First Things First

Unfortunately, we’ll never have enough time to do all of the important things we wish we could do in our lives and work.

Therefore, we’re always in need of making decisions about what tasks are more important and which deserve our attention. The issue here is whether that decision will be made by you or by the demands of your environment.

If you let the situation decide for you, the most urgent tasks will always take precedence over the important ones. Everything will be postponed and you won’t get anything important done.

According to Peter Drucker, highly effective people are very sure that first things come first, that is, they choose what’s most important at the moment amongst all the things they have to do, and they stick to the decision.

Moreover, Drucker says, effective people do only one thing at a time. That way, they can get things done in less time and more efficiently. It’s not about going crazy doing many things at the same time, but about establishing a clear path and following it slowly but surely.

Being effective involves deciding what is important to do at the moment and what needs to be postponed for another time. An effective person commits 100% to the task they are focused on right now. Then they review the situation, to choose the next action to commit 100% to.

The ability to focus is, therefore, a skill you need to develop to be effective. Concentration is necessary to get results, and to concentrate you need strong discipline and the determination to say no to anything that might distract you or jeopardize the achievement of the results you want.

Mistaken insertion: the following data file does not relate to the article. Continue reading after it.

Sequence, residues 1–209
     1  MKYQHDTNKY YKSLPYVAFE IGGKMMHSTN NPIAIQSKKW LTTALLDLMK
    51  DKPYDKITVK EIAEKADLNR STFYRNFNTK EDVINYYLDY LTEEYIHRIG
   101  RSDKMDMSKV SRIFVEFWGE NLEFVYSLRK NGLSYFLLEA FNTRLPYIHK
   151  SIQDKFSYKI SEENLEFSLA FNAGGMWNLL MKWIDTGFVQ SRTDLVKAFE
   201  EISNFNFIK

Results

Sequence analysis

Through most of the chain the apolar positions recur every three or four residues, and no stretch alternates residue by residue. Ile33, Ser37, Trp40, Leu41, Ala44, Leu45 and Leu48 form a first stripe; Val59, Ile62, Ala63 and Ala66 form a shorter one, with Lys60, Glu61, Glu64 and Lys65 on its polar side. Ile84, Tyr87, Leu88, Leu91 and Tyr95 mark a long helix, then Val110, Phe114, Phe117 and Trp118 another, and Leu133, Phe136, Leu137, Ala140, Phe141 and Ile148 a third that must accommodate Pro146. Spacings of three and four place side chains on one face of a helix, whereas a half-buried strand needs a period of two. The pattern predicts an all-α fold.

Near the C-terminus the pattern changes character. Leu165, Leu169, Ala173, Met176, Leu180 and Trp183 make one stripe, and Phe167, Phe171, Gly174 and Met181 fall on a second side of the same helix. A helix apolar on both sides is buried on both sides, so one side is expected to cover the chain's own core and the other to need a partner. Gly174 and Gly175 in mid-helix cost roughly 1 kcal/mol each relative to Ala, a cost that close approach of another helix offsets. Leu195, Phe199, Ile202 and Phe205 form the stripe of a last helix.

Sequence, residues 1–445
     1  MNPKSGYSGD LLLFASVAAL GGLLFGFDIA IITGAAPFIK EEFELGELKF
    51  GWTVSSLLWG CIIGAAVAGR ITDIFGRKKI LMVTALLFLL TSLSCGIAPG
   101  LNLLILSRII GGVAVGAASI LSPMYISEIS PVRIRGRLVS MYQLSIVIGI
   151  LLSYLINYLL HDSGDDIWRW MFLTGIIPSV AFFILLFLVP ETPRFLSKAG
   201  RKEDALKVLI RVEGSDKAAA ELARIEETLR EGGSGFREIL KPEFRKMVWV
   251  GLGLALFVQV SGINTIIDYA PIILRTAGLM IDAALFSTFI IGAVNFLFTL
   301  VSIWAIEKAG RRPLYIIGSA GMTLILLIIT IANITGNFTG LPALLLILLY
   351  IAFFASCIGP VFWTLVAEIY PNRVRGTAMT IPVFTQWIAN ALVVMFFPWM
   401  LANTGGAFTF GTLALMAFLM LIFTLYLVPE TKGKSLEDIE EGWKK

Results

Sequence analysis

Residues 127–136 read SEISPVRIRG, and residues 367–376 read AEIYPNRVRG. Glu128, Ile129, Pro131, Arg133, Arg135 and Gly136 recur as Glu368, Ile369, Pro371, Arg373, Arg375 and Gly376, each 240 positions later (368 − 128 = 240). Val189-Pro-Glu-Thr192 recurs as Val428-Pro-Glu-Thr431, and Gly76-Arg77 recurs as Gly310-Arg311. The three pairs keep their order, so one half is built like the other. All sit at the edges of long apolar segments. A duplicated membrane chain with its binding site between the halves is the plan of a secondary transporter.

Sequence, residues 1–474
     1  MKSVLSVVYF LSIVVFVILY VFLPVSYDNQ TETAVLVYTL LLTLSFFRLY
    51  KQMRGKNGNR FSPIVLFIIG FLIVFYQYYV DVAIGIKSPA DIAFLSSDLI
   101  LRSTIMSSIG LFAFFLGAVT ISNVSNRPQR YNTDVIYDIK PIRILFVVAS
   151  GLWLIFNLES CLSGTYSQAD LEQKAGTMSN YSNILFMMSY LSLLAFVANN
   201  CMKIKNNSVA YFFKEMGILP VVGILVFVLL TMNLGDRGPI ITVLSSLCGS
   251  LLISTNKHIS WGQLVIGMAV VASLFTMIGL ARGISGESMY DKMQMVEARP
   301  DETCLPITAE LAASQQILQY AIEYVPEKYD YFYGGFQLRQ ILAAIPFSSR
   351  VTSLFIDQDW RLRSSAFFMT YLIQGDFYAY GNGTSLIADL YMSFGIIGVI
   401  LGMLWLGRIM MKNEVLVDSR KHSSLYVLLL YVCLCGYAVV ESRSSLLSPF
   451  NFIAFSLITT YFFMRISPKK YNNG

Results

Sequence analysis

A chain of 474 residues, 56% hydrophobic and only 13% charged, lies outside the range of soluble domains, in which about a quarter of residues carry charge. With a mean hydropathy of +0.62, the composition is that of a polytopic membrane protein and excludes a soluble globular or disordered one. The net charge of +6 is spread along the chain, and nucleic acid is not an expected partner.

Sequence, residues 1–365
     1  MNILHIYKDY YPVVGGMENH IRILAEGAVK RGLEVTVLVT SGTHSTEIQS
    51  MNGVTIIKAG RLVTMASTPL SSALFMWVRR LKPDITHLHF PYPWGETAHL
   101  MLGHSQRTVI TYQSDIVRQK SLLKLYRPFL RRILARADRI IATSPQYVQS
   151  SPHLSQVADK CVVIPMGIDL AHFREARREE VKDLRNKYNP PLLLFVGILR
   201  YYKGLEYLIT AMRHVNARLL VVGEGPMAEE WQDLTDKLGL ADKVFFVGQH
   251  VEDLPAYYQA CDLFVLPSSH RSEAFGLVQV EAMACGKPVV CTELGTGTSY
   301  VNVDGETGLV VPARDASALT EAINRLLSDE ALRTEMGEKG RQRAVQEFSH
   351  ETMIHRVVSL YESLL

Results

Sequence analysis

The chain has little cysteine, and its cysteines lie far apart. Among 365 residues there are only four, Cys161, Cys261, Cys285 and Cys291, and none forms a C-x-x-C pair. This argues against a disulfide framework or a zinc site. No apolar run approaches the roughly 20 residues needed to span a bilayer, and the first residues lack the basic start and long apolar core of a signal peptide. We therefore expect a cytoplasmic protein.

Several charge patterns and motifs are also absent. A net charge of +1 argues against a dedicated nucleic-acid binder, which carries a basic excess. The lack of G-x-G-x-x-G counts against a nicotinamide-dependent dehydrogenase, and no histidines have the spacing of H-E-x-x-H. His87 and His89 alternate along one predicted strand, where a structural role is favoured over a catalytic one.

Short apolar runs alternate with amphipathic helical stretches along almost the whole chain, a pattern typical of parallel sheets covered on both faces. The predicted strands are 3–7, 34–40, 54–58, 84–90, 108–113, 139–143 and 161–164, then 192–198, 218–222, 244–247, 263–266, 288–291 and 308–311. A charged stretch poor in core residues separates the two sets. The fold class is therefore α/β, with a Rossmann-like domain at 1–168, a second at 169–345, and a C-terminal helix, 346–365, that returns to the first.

The more committed you are to making a positive contribution to your environment, the more you will need to set aside continuous blocks of time to make those contributions.

Another common behavior of effective people is to stop investing time and energy in projects that they evaluated as important in the past, but that have ceased to be so, for whatever reason.

When you are about to start a new project or activity, evaluate those that are currently in progress. Is there one that is no longer interesting, that is not producing the desired results? If so, consider eliminating it to maintain a healthy balance of “ongoing” projects. If you don’t, soon your organizational system will no longer be manageable.

Most people have an exaggerated attachment to their past decisions and, as a consequence, are too busy with unimportant tasks. Systematically eliminating the old is the only way to bring in the new.

Peter Drucker gives the following tips for identifying priorities:

  • Choose the future over the past
  • Choose opportunity over the problem.
  • Choose your own direction over that of someone else.
  • Choose what makes a difference rather than what is easy and safe.

Originally published at

The Ultimate Solution to Get Things Done.

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